Japan is going back to nuclear power

0 12

From the on the grounds of the Onagawa Nuclear Power Station, a plant in northern Japan, waves can be heard lapping at the nearby shore. They are a reminder of the tragedy that happened on March 11, 2011, when a massive earthquake triggered a massive tsunami that flooded the east coast of Japan. While the Onagawa reactors managed to shut down safely, the Fukushima Daiichi plant, 180km down the coast, suffered a meltdown. After the disaster Japan shut down all its nuclear reactors. Since then only a handful have been reversed. Onagawa is among the nuclear plants still idle.

Listen to this story.
Enjoy more audio and podcasts ahead iOS or Android.

Your browser does not support the element

Save time by listening to our audio articles while you multitask

This will change soon. Onagawa recently received a safety sign-off from the new independent regulator established in the wake of the disaster, in part thanks to the facility’s new 29-meter-high seawall. In 2020 local officials also gave permission to restart. Tohoku Electric, the operator of the plant, could start generating power again early next year (after some repairs are completed). “Recently, the electricity crisis and rising resource costs have made people across Japan think,” said Suda Yoshiaki, the mayor of Onagawa. “Is there any other way to provide a lot of energy in a sustainable way? There is no alternative… In terms of the big picture, nuclear power is necessary.”

Restarting reactors like those at Onagawa is the first step in another major shift in the energy policy of the world’s third-largest economy and fifth-largest carbon emitter. In December Kishida Fumio, Japan’s prime minister, announced a new ten-year road map for Japan “gx”, or “Green Transformation”, which includes steps to revive the nuclear industry, strengthen the country’s grid and start introducing carbon prices. Terazawa Tatsuya, chairman of the Japan Institute of Energy Economics, a think tank in Tokyo, argues that Japan is finally “putting flesh on the bones” of a promise made by Mr Kishida’s predecessor Suga Yoshihide to decarbonize the country. neutral by 2050. It is a delicate task, which requires finding a good balance between safety, energy security and environmental concerns.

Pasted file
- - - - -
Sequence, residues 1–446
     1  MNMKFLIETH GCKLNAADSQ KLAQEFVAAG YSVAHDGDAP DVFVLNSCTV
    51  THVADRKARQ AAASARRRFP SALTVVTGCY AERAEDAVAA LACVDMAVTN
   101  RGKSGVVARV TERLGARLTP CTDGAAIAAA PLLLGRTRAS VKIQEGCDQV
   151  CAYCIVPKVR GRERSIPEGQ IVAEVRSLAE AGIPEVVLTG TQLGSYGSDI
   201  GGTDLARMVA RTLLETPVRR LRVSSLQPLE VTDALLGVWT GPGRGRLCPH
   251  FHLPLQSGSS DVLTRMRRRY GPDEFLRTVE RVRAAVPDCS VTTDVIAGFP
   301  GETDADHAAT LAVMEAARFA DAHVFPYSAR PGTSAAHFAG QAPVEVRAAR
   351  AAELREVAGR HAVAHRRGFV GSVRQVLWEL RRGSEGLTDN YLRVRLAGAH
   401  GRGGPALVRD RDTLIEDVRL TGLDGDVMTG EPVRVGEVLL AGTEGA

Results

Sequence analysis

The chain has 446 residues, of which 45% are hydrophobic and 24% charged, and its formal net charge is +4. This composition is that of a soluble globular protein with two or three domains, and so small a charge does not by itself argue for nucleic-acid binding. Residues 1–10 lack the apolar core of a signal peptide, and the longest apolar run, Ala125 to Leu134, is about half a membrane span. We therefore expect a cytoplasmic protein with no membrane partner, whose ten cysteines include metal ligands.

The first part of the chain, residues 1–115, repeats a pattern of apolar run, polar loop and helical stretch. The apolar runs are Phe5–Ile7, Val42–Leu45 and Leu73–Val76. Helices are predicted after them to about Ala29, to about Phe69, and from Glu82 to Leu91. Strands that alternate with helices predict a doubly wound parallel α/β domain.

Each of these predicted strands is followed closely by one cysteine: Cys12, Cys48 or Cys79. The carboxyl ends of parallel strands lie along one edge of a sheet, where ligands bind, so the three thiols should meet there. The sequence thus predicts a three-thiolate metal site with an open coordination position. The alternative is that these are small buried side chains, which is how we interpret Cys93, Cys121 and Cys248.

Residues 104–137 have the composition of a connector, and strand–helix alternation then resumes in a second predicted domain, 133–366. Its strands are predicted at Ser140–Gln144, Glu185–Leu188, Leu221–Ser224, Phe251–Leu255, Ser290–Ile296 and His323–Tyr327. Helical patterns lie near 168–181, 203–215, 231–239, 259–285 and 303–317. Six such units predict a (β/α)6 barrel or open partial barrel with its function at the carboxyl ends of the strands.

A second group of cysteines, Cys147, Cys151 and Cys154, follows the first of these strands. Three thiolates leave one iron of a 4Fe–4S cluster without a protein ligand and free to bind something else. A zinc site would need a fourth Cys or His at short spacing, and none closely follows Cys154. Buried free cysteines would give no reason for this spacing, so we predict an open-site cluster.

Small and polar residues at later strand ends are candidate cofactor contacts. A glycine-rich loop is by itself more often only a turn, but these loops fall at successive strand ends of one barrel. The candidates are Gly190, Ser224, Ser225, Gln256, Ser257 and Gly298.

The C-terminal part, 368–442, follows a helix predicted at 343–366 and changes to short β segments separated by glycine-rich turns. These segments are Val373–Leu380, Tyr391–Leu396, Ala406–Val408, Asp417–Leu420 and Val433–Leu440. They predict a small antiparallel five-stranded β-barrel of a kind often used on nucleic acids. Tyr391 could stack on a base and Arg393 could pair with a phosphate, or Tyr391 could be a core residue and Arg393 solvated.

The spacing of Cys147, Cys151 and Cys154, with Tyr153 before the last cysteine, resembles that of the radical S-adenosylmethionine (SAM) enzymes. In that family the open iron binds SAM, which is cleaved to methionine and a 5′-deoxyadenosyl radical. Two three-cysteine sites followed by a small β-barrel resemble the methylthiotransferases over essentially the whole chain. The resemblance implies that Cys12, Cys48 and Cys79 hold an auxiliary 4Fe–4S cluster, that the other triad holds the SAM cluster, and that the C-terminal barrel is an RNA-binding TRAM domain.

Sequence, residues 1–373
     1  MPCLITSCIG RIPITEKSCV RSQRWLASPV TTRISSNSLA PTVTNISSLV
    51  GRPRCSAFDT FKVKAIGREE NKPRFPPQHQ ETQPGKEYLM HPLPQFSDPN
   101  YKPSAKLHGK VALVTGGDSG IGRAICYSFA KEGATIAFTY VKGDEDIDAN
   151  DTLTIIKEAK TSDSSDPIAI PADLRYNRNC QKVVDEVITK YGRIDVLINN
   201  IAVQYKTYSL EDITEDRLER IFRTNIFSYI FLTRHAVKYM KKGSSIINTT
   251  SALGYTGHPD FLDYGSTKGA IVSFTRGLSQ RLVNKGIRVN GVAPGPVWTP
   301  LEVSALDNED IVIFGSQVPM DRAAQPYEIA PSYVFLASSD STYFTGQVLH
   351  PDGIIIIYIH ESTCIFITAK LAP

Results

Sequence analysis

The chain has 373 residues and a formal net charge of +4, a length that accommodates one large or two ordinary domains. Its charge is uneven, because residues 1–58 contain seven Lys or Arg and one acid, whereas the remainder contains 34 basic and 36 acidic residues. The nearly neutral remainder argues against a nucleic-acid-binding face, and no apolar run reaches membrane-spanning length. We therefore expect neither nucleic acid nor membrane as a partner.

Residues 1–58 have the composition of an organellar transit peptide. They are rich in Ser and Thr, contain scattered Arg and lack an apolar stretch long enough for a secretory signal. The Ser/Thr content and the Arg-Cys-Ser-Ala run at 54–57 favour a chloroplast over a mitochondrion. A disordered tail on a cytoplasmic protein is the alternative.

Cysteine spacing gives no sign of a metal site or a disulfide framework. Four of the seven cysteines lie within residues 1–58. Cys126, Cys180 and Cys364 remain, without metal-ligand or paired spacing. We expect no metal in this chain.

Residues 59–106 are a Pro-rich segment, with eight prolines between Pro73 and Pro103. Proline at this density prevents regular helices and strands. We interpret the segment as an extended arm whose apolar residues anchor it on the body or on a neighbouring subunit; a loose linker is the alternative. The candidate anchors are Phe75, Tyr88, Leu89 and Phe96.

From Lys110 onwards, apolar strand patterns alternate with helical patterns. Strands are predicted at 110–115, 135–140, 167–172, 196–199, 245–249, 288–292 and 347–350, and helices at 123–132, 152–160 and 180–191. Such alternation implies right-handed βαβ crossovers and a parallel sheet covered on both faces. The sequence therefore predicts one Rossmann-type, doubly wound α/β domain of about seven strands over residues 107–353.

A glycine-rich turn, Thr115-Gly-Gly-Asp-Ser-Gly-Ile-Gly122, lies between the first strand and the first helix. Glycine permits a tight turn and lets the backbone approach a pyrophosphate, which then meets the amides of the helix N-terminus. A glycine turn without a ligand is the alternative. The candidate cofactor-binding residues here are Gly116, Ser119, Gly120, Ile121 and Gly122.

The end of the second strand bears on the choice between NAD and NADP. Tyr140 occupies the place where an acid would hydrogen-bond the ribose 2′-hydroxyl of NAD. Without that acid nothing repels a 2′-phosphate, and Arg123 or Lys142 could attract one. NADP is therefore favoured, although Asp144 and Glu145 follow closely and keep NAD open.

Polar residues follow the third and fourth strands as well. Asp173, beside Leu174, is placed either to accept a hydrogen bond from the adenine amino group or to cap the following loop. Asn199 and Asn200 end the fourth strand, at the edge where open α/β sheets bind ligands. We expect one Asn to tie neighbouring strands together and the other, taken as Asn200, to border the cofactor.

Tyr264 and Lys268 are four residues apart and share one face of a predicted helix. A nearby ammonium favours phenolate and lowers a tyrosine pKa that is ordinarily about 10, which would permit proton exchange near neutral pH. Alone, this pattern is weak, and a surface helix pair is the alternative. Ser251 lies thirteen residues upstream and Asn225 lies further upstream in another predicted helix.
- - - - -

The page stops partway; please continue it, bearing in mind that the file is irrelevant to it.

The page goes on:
As an island nation with few natural resources, Japan has long been in a precarious position when it comes to energy. Heavy dependence on oil in the Middle East fueled Japan’s rapid economic growth after World War II, only to reverse during the oil crisis of 1973-74. That led Japan to expand its nuclear fleet, develop liquefied natural gas (lng) and research renewable technologies under the banner of “Project Sunshine”. By 2010 nuclear had emerged as the heart of Japanese energy policy, with 54 reactors providing about 25% of electricity production; the government aimed to expand the share of nuclear and hydropower to 70% by 2030. The Fukushima crisis derailed these plans. Instead new laws were passed to promote solar power. The share of renewables in electricity generation doubled from 10% in 2010 to over 20% last year. But Japan has mostly filled the gap by turning to lng and coal (see chart).